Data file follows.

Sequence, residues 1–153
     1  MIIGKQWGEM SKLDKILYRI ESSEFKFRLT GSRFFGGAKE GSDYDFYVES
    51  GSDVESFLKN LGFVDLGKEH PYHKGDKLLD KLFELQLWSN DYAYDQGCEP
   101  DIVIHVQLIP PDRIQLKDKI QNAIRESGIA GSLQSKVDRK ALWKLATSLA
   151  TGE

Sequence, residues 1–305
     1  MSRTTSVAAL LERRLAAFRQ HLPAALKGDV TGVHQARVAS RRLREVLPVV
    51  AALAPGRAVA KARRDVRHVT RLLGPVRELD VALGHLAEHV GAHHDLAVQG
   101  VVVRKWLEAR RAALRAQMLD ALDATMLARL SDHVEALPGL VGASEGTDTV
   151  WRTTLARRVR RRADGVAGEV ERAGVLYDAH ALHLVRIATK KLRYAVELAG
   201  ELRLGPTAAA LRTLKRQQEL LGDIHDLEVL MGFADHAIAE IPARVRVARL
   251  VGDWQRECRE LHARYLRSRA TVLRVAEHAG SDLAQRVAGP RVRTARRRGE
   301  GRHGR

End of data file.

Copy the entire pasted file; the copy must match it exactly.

Sequence, residues 1–153
     1  MIIGKQWGEM SKLDKILYRI ESSEFKFRLT GSRFFGGAKE GSDYDFYVES
    51  GSDVESFLKN LGFVDLGKEH PYHKGDKLLD KLFELQLWSN DYAYDQGCEP
   101  DIVIHVQLIP PDRIQLKDKI QNAIRESGIA GSLQSKVDRK ALWKLATSLA
   151  TGE

Sequence, residues 1–305
     1  MSRTTSVAAL LERRLAAFRQ HLPAALKGDV TGVHQARVAS RRLREVLPVV
    51  AALAPGRAVA KARRDVRHVT RLLGPVRELD VALGHLAEHV GAHHDLAVQG
   101  VVVRKWLEAR RAALRAQMLD ALDATMLARL SDHVEALPGL VGASEGTDTV
   151  WRTTLARRVR RRADGVAGEV ERAGVLYDAH ALHLVRIATK KLRYAVELAG
   201  ELRLGPTAAA LRTLKRQQEL LGDIHDLEVL MGFADHAIAE IPARVRVARL
   251  VGDWQRECRE LHARYLRSRA TVLRVAEHAG SDLAQRVAGP RVRTARRRGE
   301  GRHGR